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VMware ESXi backup speed: compare NFS, FTP, RSYNC and SSH

Here are some numbers you can take as reference when backing up your VMware ESX(i) using MKSbackup or MKSBackup use script to backup VMware VM to disk or to NFS shares. MKSBackup can upload or download your backed up disks using FTP or SSH together with the running backup as soon as the first disk is done.

The configuration

The test server is running ESXi 4.0.0 on a ASUS P5KC motherboard with a Intel Core2 Quad CPU @ 2,4GHz and 8Go RAM. Hard disks are both SATA 300Mbps 7200 rpm, first one is a Hitachi 500GB Deskstar (HDP725050GL), the second one is a Seagate Barracuda 750 GB ( ST3750640AS ).
The remote server running FTP and NFS is PIV 2.8GHz HT with 1Go RAM and 300Go SATA disk running Fedora 14.
The Windows host in a Intel Dual Core CPU @ 1.86GHz with 3Go RAM running Windows XP.
The network is gigabits.

The tests are done on multiple 8Go VMDK sparse files full at 98%.
Rate calculations below, consider the file are exactly 8Go even if only 7988Mo are really copied to hard-disk or NFS.
The files belong to a up and running virtual machine lightly loaded.

The format: 2gbsparse, thin and others

VMware vmkfstools utility can use up to 4 formats : zeroedthick, eagerzeroedthick, thin and 2gbsparse.

thin format is very interesting for backup, because when the disk is not fully loaded, unused blocks are not allocated and then the file don't require all the space on disk. NFS handle well sparse file and these files can be used by VM running on ESX(i) server. This allows to start the VM from its backup NFS share if required without any disk conversion. On the other side if you are worried about runtime speed and backup VM can become the prod one at any time, without having time of any disk conversion, then zeroedthick and eagerzeroedthick are more appropriate.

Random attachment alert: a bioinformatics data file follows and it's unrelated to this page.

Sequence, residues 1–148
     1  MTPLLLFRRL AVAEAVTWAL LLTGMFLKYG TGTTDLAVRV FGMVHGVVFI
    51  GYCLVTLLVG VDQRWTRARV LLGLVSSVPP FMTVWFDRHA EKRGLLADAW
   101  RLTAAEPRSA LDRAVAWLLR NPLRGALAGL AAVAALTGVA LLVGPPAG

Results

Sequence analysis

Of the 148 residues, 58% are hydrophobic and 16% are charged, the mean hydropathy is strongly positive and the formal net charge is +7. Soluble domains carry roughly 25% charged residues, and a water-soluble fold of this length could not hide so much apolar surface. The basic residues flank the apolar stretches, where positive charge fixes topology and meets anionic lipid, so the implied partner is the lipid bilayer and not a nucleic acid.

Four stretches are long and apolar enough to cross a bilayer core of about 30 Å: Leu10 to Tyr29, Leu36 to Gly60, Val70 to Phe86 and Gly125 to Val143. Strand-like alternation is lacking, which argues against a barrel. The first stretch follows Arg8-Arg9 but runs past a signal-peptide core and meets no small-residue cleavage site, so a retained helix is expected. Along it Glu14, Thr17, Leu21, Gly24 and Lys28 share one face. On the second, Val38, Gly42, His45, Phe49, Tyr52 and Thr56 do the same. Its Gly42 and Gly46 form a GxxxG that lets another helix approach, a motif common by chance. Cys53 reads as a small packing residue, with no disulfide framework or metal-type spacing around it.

FTP and SCP don't handle sparse file, and the copy will require the full size of the file on disk. Then a 400Go empty disk will take seconds to be backed up by vmkfstools in thin format and requires hours to be uploaded via FTP or SSH. RSYNC can handle sparse file efficiently !

2gbsparse format don't generate sparse files, unused blocks are left out of the files and the size correlates the real size of the data. Then 2gbsparse is the ideal format for archiving. These files can't be used by a ESX(i) VM and require to be converted into another format before to start the VM.

In short, if your are only backing up on local disk or NFS share and are worried about space, use thin format. If you need to archive your VM using non sparse aware protocol like FTP or SCP or are backing up on non sparse aware storage system and you are worried about transfer time and storage space use 2gbsparse format.


Direct backup to NFS storage is the fastest with 56 Mo/s. FTP is very fast with 29 Mo/s, but when running together with another backup, speed drops to 7 Mo/s. On the other hand, SSH appears to be slow standalone but is as fast as FTP when backups are running simultaneously ! This is misleading because as soon as VMware backups are done, FTP is near 4x time faster to reduce the backlog left by the disk backup that is 2 time faster than FTP or SSH. To backup 4 VM disks of 50Go, backup+FTP take 4H20, backup+SSH take 6H58, this is 2H38 more than FTP !